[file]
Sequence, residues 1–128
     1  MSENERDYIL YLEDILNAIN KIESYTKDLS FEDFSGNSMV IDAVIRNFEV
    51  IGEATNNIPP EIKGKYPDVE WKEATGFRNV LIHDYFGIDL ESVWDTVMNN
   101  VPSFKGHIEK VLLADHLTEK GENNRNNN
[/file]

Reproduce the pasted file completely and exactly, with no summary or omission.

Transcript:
Sequence, residues 1–128
     1  MSENERDYIL YLEDILNAIN KIESYTKDLS FEDFSGNSMV IDAVIRNFEV
    51  IGEATNNIPP EIKGKYPDVE WKEATGFRNV LIHDYFGIDL ESVWDTVMNN
   101  VPSFKGHIEK VLLADHLTEK GENNRNNN